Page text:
William Fisk

(1797* - 8 November 1872)

Portrait and historical painter, was born in 1797 at Thorpe-le-Soken, Essex. He did not take up art as a profession till he was thirty-one years of age, having been for the ten previous years engaged in mercantile employment. His first picture exhibited at the Royal Academy was a portrait in 1831, and he continued painting in the same branch of art till 1835; from this date his pictures were chiefly historical. Among these we may mention 'Leonardo da Vinci dying in the arms of Francis I.,' exhibited at the Royal Academy in 1838; ' Attempted Assassination of Lorenzo de' Medici in Florence in 1478,' exhibited in 1839, and which was awarded the gold medal of the Manchester Institution in 1840; and 'The Trial of Charles I.,' exhibited in 1842, and afterwards engraved. His historical pictures are well composed, and accurate as to costume. He retired a few years later to a property he had purchased in the country, and from this time almost entirely relinquished painting. He died at Danbury, near Chelmsford.

[Bryan's dictionary of painters and engravers, 1903.] div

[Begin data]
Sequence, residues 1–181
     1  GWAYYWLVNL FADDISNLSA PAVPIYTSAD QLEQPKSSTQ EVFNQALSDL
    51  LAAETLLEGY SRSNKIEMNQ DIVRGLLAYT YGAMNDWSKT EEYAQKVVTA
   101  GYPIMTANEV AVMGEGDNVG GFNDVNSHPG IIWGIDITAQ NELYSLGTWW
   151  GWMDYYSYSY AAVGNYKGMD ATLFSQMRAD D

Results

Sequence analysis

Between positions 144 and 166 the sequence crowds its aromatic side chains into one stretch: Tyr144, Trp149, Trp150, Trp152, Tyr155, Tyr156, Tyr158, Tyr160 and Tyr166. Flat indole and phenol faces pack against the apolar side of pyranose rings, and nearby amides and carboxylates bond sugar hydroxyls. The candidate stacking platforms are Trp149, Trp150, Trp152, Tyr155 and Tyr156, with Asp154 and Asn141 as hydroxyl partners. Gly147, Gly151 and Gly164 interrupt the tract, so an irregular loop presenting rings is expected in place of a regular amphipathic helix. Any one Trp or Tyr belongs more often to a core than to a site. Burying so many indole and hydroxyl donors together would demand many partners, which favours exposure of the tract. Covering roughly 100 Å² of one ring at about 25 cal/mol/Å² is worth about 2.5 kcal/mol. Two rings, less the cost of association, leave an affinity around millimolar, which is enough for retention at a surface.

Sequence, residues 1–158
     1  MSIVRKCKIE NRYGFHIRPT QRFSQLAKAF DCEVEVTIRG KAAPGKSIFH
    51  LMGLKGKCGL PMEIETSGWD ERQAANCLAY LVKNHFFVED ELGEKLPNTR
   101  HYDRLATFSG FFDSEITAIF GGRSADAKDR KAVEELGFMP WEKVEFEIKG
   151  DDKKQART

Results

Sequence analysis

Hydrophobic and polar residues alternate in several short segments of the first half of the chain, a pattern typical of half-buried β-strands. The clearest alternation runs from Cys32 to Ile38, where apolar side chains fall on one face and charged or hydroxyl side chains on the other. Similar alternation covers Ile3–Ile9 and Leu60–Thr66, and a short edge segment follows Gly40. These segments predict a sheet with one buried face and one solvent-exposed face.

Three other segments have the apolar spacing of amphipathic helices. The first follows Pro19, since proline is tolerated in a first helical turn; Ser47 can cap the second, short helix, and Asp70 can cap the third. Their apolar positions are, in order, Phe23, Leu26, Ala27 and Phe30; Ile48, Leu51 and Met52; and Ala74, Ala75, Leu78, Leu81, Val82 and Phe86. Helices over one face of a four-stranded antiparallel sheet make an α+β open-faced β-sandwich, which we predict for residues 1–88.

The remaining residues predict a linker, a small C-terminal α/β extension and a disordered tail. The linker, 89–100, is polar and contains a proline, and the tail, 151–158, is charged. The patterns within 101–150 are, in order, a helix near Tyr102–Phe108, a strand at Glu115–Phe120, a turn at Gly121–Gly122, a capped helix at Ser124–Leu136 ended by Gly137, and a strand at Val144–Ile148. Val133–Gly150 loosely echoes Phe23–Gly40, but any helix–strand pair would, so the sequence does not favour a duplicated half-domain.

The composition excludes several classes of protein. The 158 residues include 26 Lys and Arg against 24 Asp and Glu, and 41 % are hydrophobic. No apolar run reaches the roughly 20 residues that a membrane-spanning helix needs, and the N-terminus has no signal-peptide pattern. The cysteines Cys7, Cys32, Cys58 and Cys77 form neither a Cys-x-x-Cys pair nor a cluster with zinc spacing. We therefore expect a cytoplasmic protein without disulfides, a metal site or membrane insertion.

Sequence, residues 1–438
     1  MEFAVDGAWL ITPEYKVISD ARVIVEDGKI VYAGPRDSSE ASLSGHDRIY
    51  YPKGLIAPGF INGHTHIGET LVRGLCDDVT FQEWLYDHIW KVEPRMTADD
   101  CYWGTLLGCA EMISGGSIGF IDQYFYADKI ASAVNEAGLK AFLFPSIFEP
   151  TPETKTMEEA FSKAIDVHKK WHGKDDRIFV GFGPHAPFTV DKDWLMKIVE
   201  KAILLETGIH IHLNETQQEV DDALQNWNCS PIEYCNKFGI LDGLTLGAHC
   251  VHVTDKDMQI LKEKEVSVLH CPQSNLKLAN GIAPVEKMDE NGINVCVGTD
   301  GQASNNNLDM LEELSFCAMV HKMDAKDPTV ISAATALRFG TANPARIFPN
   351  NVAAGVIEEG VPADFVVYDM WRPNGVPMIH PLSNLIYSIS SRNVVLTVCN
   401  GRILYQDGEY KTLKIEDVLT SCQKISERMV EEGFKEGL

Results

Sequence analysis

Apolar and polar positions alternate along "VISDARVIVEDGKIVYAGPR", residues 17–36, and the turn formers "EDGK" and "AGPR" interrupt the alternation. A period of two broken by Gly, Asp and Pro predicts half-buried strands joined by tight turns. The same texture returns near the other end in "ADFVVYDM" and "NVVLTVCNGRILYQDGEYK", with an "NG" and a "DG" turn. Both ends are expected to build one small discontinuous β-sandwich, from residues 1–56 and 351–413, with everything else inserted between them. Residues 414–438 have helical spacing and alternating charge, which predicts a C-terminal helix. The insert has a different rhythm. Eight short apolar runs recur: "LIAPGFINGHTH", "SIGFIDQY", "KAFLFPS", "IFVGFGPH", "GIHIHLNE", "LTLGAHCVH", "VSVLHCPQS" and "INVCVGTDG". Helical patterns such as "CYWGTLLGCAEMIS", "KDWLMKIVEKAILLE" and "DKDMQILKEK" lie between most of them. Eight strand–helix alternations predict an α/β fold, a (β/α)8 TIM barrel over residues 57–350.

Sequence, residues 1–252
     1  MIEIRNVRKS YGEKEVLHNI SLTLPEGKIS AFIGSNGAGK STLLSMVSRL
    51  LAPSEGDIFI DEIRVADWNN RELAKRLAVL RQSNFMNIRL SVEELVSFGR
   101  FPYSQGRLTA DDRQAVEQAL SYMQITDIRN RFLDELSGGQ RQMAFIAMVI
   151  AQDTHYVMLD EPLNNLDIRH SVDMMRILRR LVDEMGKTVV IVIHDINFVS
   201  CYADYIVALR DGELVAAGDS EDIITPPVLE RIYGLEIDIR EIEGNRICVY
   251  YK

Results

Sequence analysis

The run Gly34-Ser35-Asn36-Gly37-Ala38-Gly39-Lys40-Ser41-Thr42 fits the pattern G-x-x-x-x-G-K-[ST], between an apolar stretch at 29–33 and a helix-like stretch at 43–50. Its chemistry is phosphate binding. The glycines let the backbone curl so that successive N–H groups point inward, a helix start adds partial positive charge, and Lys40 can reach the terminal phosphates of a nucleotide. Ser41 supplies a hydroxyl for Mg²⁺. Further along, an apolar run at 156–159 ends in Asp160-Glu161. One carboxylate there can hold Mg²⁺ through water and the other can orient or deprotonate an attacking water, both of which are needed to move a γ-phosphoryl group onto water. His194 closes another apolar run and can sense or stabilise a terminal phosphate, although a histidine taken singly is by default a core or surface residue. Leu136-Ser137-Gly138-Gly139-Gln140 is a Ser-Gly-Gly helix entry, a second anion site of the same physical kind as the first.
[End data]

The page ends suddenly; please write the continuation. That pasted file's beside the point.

William Fisk, (1797-1872), Early displayed a talent for art, but did not practice it as a profession until he had reached his thirtieth year. First exhibited at the Royal Academy in 1829, contributing one or more portraits annually until 1836, when he sent "The Coronation of Robert the Bruce," devoting himself after that time to the painting of historical pictures, which were popular and frequently engraved. Among them may be mentioned, "Cromwell's Family interceding for the Life of Charles I." (1840), "Charles V. picking up Titian's Pencil" (1840), "Charles I. passing through Whitehall Palace to his Execution " (1843), "Trial of the Earl of Stafford," and "The Attempted Assassination of Lorenzo de Medici," which received the gold medal of the British Institution in 1840, as the best historical picture. He has not exhibited in public since 1848.

"If Mr. Fisk's works may not be classed in a high rank of historical painting, they are most creditable examples, well composed, careful in execution, and accurate in costume and accessories." -- Art Journal, January, 1873.

[Artists of the Nineteenth Century; Biographical Sketches. By Clara Erskine Clement & Laurence Hutton, 1879. ] div

William Fisk, (1796 (7?)–1872), painter, born in 1796 at Thorpe-le-Soken, Essex, was the son of a yeoman farmer at Can Hall in that county, of a family which boasted of some antiquity, dating back to the days of Henry IV. Drawing very early became Fisk's favourite occupation, but his inclination to art was discouraged by his father, who sent him to school at Colchester, and at nineteen years of age placed him in a mercantile house in London. In this uncongenial profession Fisk remained for ten years, though he never neglected his artistic powers, and in 1818 sent to the Royal Academy a portrait of Mr. G. Fisk, and in 1819 a portrait of a 'Child and Favourite Dog.'